The concept of the Titanic alone was able to fill many hearts with hope, an achievement so amazing it is almost unbelievable. The large poor population living in England at the time was a dominant factor in this outcome. It was the people who were poor, who could not afford a ticket on the dreamlike ship. Despite the fact that many of those same people had never even seen the boat, the enchanting talk of the vessel was enough to drive most penny-pinched families to insanity. However, at the same time: a ticket on the Titanic was something to hope and dream for. The idea of living to pay for and be granted a seat on the “Unsinkable Ship” was something that kept despair at bay. At this point in time the poor began to rebel, demanding for their rights. This circumstance can be compared to that of the black and white conundrum in America. In both situations, one group of people felt denied the opportunities of the other. In the end of both devastations was success… After years of protest two laws were passed. One which entitled a person to a small fund if they were to fall sick, and the other shortening the hours workers were required to work each day (Lambert, Tim. "Liberal Reforms." 20th Century England. N.p., n.d. Web. 22 Jan 2013. www.localhistories.org/20thengland.html). These laws were just one success of many granted due to the rebellions of the poor. As if the connection between the Titanic and the revolts wasn’t clear enough: the incidents began happening only shortly after the announcement of the ship’s creation, and both laws were passed in the year 1911 (merely one year before the ship’s departure). Without the hope in the hearts of the poor due to the Titanic, these citizens would never have rebelled for their rights. In the case of the poor being granted their rights, the infamous ocean-liner proved an essential factor. Not only was the ship a symbol of equality to many people in England: it was an excuse to make improvements to the British law. (My great-grandmother has told me in the past about the troubled nation that she remembers from her childhood. The situations she has described to me are altogether horrific, and I can only hope that England never returns to dark days like those again).Although not many of the poor who rebelled could afford a ticket in the end; the hope that drove them to gain their rights back was monumental. In this instance, a single boat changed a nation of people. For this reason, the Titanic’s setting sail was enormously important.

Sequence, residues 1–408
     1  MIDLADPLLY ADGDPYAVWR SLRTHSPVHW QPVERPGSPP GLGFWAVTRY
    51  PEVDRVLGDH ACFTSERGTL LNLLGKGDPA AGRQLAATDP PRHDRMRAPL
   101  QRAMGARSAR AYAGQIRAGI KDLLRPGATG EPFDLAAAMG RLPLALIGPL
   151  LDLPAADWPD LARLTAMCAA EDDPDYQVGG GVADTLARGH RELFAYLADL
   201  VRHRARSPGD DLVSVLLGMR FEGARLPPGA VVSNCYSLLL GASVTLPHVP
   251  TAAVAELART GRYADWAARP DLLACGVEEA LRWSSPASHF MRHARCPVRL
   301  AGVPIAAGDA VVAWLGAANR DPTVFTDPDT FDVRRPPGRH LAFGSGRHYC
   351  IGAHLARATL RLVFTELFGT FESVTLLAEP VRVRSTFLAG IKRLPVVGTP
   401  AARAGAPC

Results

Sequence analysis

However, one may still persist that the Titanic should never have set sail for various reasons. One example is that the Titanic was not supplied with adequate amounts of safety material (ex: lifeboats, life-vests). I would like to disprove this theory now. This idea is altogether irrelevant to the Titanic’s tragedy. For it was not the number of lifeboats that lost lives, but the lack of passenger speed to get onto the lifeboats. If a quick “get in and row away” situation had been enacted, there would have been no deaths onboard. This says that the Titanic did in fact have the necessary safety materials. Furthermore proving that this such counter-reasoning is altogether incorrect. And, on a whole without the departure of the infamous boat, none of the outcomes described in this essay would have occurred. So again, it has become clear that the Titanic was the secret to England’s success, the key to unlocking a new Great Britain, but also: an imperative event in the history of the United Kingdom. Therefore, the Titanic should have set sail.



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Csquared This work has been published in the Teen Ink monthly print magazine. said...
Jun. 13, 2013 at 9:40 pm
Wasn't this the amazing essay that you wrote this year in English class?
 
PhoebeB replied...
Jun. 13, 2013 at 10:43 pm
Maybe... maybe not....